Chris and I visited York Gate Garden on the outskirts of Leeds in Yorkshire and were blown away by the creativity of this wonderful place. Comparisons aren’t helpful as they can set wrong expectations but York Gate had some of the same magic I feel at Great Dixter in Kent, albeit on a smaller scale. This is one of the best gardens we’ve visited and it’s one we plan to return to.
It’s always hard to explain why we fall in love with gardens, it’s often a combination of factors it’s hard to put our fingers on. For me, it’s a garden that, no matter my mood, takes me to another place, is welcoming, feels private and personal, and loved by the gardeners who look after it. That love translating into well grown plants and a wide range to introduce you to something new.
A small public garden now, it was once a reasonably sized private garden and one of the best examples of post-war gardening, inspired by the then popular Arts and Crafts movement. A movement that relished materials, craft and artistic flourishes, such as topiary and pattern. Much of its structure and planting from that time remains.
York Gate Garden is a one acre plot once owned and created by the Spencer family, wife Sybil, husband Frederick, and their son Robin. Sybil and Frederick bought the house in 1951 when it was surrounded by fields.
Sybil was the main gardener who looked after York Gate, opening it on the National Garden Scheme, until her death in 1994. It’s now owned and run by the Perennial charity, a charity dedicated to helping anyone in horticulture if they hit on hard times.
The whole family created the garden together, with surveyor husband Frederick credited with creating a lot of the structure that includes fourteen enclosed areas, something people call garden rooms. Sybil and Frederick’s son, Robin, died at the early age of 47 and, with the loss of her husband too, Sybil continued to manage the garden to the way she knew her son wanted.
We visited in mid-October as autumn was in full swing, lending the garden that romantic autumnal air with lots of buff grasses and flowers going over. I love this time of year and feel gardens have the best atmosphere at this point, or at least, a very specific atmosphere that is warming despite the colder weather.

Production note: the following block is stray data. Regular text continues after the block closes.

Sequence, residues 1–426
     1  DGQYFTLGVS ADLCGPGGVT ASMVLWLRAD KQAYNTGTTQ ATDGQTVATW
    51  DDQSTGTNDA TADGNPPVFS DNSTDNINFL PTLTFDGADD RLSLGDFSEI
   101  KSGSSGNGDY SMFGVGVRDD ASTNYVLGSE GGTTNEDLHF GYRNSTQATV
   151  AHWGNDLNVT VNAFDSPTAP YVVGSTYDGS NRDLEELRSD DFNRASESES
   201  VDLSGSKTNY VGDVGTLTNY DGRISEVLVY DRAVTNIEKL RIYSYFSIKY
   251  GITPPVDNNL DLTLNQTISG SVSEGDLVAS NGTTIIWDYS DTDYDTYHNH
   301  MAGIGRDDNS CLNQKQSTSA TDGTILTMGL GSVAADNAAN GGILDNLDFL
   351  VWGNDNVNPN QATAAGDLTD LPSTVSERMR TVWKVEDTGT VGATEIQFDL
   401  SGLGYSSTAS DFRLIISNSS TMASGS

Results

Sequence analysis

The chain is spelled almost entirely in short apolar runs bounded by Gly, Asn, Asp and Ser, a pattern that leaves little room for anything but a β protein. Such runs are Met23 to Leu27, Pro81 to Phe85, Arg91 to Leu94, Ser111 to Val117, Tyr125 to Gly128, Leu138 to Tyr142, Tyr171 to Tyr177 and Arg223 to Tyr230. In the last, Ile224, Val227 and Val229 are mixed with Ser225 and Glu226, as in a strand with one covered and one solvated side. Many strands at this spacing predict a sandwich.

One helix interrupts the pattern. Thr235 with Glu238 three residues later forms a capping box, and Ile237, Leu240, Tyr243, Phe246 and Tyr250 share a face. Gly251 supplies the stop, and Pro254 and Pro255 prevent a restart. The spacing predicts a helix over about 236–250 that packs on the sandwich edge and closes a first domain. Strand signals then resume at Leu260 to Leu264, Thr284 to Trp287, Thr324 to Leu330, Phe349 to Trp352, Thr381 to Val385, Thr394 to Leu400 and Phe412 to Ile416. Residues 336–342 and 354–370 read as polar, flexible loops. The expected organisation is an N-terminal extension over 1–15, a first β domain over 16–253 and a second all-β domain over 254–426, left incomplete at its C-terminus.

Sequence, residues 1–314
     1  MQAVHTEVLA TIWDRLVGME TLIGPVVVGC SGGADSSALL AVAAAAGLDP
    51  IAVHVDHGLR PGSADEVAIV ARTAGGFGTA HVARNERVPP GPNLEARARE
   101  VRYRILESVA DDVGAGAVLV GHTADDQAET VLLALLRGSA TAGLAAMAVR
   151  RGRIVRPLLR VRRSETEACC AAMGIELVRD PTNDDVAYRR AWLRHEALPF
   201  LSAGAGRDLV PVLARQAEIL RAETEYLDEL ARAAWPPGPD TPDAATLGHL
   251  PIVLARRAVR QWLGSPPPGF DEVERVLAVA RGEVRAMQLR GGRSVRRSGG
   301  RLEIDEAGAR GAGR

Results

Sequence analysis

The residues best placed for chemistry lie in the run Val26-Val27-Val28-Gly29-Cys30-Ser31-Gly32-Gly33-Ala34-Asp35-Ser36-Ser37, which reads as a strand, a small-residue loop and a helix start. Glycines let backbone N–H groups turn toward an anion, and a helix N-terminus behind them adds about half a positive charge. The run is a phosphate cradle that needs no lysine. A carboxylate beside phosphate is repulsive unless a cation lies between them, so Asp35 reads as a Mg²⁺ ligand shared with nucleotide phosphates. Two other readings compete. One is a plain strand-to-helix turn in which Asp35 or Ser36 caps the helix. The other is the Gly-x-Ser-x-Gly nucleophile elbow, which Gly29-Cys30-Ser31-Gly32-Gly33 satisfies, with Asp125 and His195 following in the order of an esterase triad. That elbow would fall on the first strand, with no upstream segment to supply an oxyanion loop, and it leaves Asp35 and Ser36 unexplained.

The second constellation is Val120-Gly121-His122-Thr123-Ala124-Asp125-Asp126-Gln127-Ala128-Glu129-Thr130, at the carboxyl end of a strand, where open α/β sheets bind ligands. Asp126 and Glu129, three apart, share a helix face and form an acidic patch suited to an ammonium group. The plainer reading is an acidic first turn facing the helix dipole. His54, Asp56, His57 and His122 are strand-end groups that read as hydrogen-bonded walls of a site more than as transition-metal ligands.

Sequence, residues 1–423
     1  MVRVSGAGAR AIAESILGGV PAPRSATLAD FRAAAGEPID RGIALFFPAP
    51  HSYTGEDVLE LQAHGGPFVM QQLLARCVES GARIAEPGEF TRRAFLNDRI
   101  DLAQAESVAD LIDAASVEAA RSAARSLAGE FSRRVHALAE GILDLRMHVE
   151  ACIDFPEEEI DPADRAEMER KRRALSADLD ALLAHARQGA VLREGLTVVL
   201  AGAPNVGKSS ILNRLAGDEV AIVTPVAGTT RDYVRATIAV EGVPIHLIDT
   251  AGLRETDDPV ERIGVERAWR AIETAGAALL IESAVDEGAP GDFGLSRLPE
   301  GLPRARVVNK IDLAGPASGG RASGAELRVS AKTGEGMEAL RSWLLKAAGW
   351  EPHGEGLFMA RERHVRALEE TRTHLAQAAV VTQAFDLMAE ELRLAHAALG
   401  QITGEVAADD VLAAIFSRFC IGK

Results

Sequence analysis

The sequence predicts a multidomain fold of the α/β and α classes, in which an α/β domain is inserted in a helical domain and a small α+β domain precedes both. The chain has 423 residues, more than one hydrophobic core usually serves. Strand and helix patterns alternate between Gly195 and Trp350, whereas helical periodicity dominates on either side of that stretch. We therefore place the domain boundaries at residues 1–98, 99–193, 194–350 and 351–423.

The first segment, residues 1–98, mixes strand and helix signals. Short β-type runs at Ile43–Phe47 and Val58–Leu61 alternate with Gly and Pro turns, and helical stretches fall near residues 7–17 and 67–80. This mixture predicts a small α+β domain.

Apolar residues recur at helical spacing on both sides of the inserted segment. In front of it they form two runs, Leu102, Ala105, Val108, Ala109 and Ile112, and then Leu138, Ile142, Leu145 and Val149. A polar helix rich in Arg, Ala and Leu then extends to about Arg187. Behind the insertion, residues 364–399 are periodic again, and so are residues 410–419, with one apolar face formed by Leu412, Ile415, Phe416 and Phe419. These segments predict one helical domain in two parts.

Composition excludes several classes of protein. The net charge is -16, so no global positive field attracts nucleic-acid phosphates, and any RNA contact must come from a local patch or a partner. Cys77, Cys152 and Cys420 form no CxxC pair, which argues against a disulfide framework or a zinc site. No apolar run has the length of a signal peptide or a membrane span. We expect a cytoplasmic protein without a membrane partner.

These days, the garden as a place to visit retains that look and planting thanks to a new gardening team and many volunteers. Perennial bought the neighbouring property allowing for parking and a great little cafe and shop. There is also a large meadow and woodland walk attached to the garden, open in the summer months.
Although it is a small garden by public garden standards, every little area it’s divided into packs its own punch. From a mini pinetum (pine collection), curving paths through to a succulent filled terrace and greenhouse. It’s all very relatable to today’s small and urban gardener.
While I’m mainly drawn these days to grasses and wildflowers, I have to admit, I was very taken by the tiny tropical garden filled with Schefflera, tender Salvias, Dicksonia antarctica tree ferns and winding nasturtiums. Given the northerly location, this small patch shows just how impactful and immersive exotics can be, even in the smallest spaces.
I haven’t felt such a warmth from a garden in years; I’m happy to have made York Gate’s acquaintance. There are a number of new areas I can’t wait to revisit next year once they’ve had a chance to establish, including an experimental dry garden filled with many plants from drier, hotter climates.
York Gate Garden closes at the end of October, although the meadow and woodland are closed now, reopening in spring. We’re looking forward to returning to see how this much loved gem evolves in future years